Dubbed the “Rainbow Nation” for its diverse cultures and ethnicities and September month is the designated time to pay homage to this cosmopolitan makeup of South Africa. What better way to tap into the roots than by watching some of the best movies about South African culture and histories.
Now, we could probably list District 9 and Spud but we are not going to. We are looking at more authentic and attempted true depictions of cultures and experiences of South Africans.
The 90s saw the release of one of South Africa’s favourite stories and movies – Sarafina. It tells the tale of a woman, Sarafina, played by Lelethu Khumalo, living under the reign of the Apartheid government – who attempts to implement Afrikaans as the first language for all students, including non-Afrikaans speaking students, to be taught in. She stirs up outrage in other students and inspires them to fight back. Protests, chaos and a decent depiction of the unfair laws imposed on “Blacks” during Apartheid.
Even though Apartheid ended in 1994, it would take many more years for mental adjustment and healing to take place in most of South Africans. This was one of the reasons Nelson Mandela called for all people, both Black and White, to stand behind the Springboks during the 1995 Rugby World Cup. The movie tells of the strategic move by Mandela to unite a divided country.
A Long Walk To Freedom
Undoubtedly, this one has to be on the list. Long Walk To Freedom follows the life of South Africa’s greatest hero Nelson Mandela – from the small village he grew up in, to him embarking on becoming a lawyer, to immersing himself into political activism, then being thrown into prison, to the years spent on Robben Island and finally to the days leading up to 1994 – the end of Apartheid. The movie grasps the intellectual, intelligent and forward thinking mind of Mandela. It also pays homage and highlights the important role of Winnie Madikizela-Mandela in South Africa’s freedom.
Kalushi tells the tale of Solomon Mahlangu, who started off as a 19-year-old hawker to become an international icon posthumously. After being beaten up, he is exiled and trains in the MK, a militant group fighting against the Apartheid regime. He returns to South Africa to fight for liberation to finally be wrongfully accused and executed. The movie captures the chaotic essence and brutality of the government at the time.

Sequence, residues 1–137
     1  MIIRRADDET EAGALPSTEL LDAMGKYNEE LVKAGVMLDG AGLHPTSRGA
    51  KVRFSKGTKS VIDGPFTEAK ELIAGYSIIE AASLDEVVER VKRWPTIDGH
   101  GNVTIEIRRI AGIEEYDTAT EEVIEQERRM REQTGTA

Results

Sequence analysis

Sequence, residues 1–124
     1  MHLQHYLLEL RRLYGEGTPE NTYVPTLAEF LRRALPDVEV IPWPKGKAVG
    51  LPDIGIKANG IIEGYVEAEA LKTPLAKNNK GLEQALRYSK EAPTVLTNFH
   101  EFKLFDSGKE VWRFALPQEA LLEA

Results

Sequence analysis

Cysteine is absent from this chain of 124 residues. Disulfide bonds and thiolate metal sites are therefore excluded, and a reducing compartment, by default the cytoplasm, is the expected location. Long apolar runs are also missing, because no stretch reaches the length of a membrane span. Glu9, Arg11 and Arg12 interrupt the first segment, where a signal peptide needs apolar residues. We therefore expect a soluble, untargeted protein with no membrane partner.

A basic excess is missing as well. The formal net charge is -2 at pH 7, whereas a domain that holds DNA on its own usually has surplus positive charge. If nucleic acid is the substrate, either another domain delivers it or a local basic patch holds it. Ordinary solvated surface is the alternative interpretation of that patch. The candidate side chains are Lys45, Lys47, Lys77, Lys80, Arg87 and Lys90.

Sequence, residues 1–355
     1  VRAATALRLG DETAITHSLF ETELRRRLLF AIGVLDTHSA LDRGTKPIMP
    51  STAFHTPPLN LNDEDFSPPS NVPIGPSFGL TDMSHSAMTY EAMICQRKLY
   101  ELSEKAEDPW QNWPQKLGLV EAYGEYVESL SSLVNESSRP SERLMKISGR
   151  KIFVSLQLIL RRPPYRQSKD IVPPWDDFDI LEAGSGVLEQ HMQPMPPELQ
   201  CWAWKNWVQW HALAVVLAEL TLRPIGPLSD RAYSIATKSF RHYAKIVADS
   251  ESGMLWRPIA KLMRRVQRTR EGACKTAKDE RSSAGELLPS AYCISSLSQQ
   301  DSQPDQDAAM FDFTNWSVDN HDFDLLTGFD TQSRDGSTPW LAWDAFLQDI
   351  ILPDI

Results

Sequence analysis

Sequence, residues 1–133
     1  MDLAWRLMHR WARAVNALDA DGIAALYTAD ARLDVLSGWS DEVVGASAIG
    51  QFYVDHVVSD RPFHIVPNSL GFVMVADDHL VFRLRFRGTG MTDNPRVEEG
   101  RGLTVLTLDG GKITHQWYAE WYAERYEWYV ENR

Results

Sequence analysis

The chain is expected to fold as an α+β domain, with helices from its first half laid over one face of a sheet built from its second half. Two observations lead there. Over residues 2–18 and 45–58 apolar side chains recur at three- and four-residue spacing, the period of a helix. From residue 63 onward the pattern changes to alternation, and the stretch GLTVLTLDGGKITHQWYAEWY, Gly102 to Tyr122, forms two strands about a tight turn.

Noem My Skollie
Noem My Skollie tells the true story of movie’s scriptwriter, John W. Fredericks who grew up in the Cape Flats during the 1960s who faced jail and relished in his talent for storytelling. Although the film relates to current affairs and narrates an ongoing challenge for most “coloured” communities, which is filled with gangsterism, imprisonment, and crime – it tells another tale of overcoming challenges through artistry and creativity.
We await the day for a movie release, however, this one is a ten-part miniseries following the rise of one of Africa’s best military strategists and warriors during the 19th century – King Henry Shaka Cele. His endeavour was to bring about peace by uniting the tribes during the 19th Century. Thanks to him we have Heritage Day to celebrate the diverse cultures whilst still remaining united.
INXEBA – The Wound
One of the latest movie releases of 2017 and not yet out for sale, is called The Wound. The movie was screened in the World Cinema Dramatic Competition. It follows the life of Xolani, who is “encouraged” by his father to embark on a Xhosa initiation ritual in the mountains. During this ultimate alpha-male undertaking, his homosexuality comes to light. The movie unveils and encapsulates the living stigma of homosexuality in most of the African cultures.
Watch the Trailer
Are there any movies that inspire your heritage?